Tuesday, August 15, 2006

5000 lbs of sand

2 1/2 tons of sand. That is what the sand delivery guys had to bring
to fill in a 3 foot by 3 foot by 6 foot hole in the garage floor that we
procrastinated fixing since we moved in 7 years ago. 5000 lbs of
sand. In that little hole. Seems like magic. We still have no idea why
the hole is there, or what anyone did with it. It had boards layed
over the top of it, but we always worried that one of the cars would
fall in it. Sand seemed a better solution than plugging the hole with
a 30th Edition Limited Subaru Outback.

Now we get to tackle concrete for over the top of the sand. Never
done concrete before, and am not really sure how you do it.
Hopefully you can get bags of it, and just add water or something.
Home ownership makes you willing to do all kinds of crazy things
you've never done before.

I can now scrape, paint, plaster, put up sheetrock, wallpaper,
reglaze a window, put in molding, tile, hang doors, put up
blinds, replace toilets, put in new light fixtures, and a variety of
other things I didn't have a clue how to do. You just figure it out and
do it. However I still just take my car to the car dealer if anything
is wrong. There are limits to this renaissance woman thing.

For those in Minneapolis, our new Channel Surfing Wipeout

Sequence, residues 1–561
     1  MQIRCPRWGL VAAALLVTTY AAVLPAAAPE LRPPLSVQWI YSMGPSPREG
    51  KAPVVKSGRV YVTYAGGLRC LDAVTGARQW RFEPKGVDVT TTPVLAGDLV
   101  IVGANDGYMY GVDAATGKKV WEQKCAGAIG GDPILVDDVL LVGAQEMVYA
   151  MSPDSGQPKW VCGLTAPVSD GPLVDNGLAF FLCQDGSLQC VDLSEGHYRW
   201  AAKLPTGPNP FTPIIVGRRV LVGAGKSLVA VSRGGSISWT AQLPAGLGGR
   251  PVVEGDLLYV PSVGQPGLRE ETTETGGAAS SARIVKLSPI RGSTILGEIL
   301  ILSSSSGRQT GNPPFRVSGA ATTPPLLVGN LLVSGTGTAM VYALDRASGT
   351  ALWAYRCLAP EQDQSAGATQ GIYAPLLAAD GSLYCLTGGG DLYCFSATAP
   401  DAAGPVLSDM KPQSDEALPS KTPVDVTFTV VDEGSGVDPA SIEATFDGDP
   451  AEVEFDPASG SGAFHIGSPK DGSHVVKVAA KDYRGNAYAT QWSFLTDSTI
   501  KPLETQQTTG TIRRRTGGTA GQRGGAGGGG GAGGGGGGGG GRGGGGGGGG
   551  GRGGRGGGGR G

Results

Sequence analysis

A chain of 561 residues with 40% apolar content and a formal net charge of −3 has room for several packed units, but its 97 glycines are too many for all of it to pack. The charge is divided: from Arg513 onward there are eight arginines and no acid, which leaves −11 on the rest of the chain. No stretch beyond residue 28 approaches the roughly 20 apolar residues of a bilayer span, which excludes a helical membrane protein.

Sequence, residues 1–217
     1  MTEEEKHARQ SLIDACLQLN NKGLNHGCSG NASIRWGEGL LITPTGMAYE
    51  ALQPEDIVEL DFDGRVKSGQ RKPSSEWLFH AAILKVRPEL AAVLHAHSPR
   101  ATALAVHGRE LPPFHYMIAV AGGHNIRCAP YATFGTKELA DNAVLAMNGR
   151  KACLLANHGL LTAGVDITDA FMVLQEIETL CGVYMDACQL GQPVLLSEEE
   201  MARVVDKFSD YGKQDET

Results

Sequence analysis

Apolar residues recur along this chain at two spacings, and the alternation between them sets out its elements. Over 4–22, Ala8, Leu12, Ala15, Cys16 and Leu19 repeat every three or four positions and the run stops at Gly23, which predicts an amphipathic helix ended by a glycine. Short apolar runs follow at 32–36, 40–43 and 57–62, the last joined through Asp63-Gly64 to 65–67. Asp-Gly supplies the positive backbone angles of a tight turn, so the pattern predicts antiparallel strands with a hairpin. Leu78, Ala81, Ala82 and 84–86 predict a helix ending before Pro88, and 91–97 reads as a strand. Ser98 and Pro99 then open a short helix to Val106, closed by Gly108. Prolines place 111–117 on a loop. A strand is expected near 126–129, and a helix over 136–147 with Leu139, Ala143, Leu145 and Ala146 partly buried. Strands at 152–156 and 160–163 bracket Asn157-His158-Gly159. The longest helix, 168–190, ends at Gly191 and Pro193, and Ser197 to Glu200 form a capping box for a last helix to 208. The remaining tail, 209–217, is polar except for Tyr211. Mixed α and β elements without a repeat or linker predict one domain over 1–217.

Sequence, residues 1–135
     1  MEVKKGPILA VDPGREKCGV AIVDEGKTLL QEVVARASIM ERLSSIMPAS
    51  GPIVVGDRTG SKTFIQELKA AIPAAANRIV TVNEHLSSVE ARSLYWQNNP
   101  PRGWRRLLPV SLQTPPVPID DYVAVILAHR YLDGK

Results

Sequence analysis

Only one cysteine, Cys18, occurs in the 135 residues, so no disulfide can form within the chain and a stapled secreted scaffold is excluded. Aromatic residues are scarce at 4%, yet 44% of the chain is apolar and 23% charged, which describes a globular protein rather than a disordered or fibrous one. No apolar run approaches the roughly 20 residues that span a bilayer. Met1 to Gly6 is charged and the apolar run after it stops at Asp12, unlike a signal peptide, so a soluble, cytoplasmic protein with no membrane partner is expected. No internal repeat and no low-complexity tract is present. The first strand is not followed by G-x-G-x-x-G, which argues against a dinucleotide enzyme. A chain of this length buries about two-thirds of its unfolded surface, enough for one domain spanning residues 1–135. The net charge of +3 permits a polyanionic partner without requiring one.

T.V. show, episode #6 is playing on public access T.V later
this month. I posted the schedule on San Biki Saru's webpage.
It is the same stuff as the web show, only edited into a half hour
format. We have no idea if anyone watches it, but they like it
at the station and gave us mostly prime time slots this time!


Anonymous said...

Making concrete is just that easy. Take the bag of quickrete and mix water in it. I recommend renting a cement mixer as it saves LOTS of time and LOTS of energy.

Get the concrete to the right consistancy and pour it over the surface you want to refinish. Smooth it out but make sure you write your name in it as nothing is as fun as writing your name in concrete.

Susan Grandys said...

Thanks Paul V.!
A really good point about renting a mixer. We have a rental place down the street. A guy at work said he had problems with quickrete cracking when used over a larger area. Since it is 3 feet by 6 feet, I am worried it might crack, and was wondering if there were bags of "stronger" cement mix. Or if you have to put breathing room in, like on a sidewalk?

Anonymous said...

Hey Sue
You live in a particularly hard area to use concrete. Concrete is very strong in compression but very brittle. In Minn, (I assume you know this) there is a "more than normal" temerature swing from summer to winter and the concrete expands and contracts with the seasons, but becuase a large slab of concrete won't bend, it cracks.

You can put spacers in and that will elivate much of the problem. I would recommend making the slab 4 smaller slabs and that should prevent such cracking.

If you get a "stronger" form of concrete, it won't be any less brittle and most likely more so which will compound the problem. Either way, spacers might be needed.

I would also recommend you seal it after it's cured. You don't want water getting in which will destroy it.

Dealing with concrete is a bunch of work, but is really fun. A mixer helps tremendously.